Interestingly, in a forum thread titled Keeping Landowner Updated, a detectorist has just written “I have sent him a message when I have found something nice and will tell him where I found it and all he says is “Well Done “

We have no reason to suppose that detectorist isn’t upstanding but the question arises: out of 27,000 detectorists how many take advantage of the fact they themselves are judge, jury and sole eye-witness of what is “nice” and how many landowners are deprived of their property thanks to unconscionable abusive contracts, sealed with a handshake and a smile?

At a time when the Government may be minded to free itself from “sovereignty-infringing bodies” such as the European Court of Human Rights, there is speculation about whether it might consider leaving other bodies if it feared they might criticise its decisions. A long list has been suggested. Most are unlikely but one, in particular, is very likely and has great relevance to Stonehenge:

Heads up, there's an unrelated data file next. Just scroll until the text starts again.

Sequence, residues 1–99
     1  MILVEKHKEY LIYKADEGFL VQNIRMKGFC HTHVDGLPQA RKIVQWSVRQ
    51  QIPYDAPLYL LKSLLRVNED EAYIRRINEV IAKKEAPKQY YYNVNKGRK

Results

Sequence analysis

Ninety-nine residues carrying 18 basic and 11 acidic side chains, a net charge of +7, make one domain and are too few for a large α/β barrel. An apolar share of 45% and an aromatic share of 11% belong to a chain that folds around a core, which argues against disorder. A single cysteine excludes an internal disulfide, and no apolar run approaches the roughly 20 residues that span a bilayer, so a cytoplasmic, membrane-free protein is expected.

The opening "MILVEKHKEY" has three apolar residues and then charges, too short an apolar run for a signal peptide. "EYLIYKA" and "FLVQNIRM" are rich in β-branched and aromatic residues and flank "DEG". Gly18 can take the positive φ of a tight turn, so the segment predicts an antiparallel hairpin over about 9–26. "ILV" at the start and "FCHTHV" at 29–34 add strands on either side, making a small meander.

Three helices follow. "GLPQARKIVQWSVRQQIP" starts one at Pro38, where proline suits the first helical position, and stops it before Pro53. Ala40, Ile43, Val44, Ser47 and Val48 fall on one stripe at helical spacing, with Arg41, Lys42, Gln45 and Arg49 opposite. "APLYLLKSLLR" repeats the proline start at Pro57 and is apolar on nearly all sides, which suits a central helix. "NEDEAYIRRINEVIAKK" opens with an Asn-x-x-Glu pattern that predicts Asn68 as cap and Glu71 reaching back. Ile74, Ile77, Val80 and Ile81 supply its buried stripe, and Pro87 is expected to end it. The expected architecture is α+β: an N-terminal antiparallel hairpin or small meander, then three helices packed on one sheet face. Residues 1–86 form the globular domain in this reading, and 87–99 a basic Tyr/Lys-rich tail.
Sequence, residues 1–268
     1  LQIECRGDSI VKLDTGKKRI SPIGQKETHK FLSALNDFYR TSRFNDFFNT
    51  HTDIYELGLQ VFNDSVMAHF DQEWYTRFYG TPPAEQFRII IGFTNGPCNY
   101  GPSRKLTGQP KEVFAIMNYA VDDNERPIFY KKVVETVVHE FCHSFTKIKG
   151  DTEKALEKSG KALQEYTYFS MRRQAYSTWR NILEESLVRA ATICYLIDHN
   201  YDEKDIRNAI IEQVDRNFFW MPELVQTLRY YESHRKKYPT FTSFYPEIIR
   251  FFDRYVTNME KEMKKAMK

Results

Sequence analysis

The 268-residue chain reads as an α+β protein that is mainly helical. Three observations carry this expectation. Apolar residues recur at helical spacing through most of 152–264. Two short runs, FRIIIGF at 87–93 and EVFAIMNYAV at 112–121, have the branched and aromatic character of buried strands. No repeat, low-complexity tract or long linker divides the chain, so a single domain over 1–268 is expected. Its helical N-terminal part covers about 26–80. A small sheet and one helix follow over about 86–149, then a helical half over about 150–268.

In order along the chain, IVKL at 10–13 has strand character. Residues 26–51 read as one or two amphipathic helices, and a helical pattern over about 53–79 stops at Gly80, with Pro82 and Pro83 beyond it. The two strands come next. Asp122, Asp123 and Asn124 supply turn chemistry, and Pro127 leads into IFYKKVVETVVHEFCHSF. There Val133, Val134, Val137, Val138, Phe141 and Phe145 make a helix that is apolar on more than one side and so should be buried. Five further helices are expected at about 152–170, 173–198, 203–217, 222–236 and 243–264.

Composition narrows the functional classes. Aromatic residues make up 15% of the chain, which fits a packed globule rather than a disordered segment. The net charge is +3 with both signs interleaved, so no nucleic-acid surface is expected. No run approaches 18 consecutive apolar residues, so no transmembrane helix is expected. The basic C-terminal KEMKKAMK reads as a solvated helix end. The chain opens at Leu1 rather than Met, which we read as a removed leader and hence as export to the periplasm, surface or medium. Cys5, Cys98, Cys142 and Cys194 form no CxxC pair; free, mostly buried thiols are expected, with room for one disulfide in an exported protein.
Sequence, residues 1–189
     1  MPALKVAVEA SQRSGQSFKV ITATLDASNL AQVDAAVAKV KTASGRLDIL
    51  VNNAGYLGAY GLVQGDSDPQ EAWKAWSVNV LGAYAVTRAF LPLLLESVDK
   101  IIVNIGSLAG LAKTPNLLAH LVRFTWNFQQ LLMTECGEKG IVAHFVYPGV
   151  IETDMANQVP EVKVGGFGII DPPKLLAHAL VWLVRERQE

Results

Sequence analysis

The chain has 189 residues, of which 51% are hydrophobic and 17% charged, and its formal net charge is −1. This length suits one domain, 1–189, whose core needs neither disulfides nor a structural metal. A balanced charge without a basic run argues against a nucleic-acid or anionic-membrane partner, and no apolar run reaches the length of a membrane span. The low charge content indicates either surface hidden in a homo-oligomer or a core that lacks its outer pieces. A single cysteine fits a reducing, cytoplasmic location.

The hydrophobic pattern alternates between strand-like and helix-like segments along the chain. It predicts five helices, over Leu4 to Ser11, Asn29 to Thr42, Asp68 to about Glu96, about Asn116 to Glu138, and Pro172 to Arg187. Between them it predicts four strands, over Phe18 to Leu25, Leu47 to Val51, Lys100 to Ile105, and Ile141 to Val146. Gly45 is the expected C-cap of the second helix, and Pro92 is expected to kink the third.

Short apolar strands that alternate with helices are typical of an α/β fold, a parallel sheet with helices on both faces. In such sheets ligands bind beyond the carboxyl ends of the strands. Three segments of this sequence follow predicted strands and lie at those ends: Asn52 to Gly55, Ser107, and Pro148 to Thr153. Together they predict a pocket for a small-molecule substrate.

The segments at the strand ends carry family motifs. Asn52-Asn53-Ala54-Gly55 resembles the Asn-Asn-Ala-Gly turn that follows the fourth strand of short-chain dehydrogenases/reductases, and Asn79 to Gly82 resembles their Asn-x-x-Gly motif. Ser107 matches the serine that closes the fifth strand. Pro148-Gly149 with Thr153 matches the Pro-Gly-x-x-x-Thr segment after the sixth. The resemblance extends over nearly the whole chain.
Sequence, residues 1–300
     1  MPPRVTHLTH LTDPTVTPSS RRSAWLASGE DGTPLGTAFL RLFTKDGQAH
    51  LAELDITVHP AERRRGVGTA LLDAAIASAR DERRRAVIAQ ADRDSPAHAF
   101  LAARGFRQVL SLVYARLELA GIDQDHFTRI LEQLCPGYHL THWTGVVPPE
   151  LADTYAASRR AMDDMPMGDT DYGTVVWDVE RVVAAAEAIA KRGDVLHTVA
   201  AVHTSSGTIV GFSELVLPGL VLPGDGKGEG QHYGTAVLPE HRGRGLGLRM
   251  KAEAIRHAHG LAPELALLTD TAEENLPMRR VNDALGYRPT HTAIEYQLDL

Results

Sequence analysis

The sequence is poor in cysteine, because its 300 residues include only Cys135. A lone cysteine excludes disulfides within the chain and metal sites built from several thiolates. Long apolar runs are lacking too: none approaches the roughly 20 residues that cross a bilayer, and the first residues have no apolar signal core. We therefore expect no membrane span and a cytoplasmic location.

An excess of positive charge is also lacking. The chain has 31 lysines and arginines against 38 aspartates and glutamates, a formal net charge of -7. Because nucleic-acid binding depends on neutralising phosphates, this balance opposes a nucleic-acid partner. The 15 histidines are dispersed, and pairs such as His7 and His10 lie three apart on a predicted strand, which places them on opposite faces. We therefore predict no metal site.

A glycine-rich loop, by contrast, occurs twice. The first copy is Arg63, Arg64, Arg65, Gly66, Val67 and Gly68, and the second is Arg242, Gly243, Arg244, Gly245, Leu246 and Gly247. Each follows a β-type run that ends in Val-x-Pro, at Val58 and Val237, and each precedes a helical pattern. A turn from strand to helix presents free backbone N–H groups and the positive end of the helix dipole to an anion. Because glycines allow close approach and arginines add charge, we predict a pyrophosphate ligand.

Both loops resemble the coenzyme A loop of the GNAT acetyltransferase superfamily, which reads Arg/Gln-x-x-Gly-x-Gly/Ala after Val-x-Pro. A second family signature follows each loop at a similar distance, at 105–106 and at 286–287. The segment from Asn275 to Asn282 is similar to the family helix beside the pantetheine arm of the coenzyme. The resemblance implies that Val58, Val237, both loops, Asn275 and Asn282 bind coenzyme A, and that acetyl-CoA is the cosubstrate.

The monument field has to be cleared by 8am so that the site can be tidied up and put back to normal in time for it to re-open to regular visitors by about 3pm on the 21st.”

So everyone must clear off 2 hours 13 minutes before the actual Solstice at 10.13 am ?! So whose monument and whose Solstice is it?

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Update 18/6/2022

English Heritage has answered the question now, sort of:

“WHY ISN’T IT LATER?
The sunrise immediately before summer solstice – when the days gradually start to get shorter – is the moment traditionally marked at Stonehenge, and our live coverage replicates this.”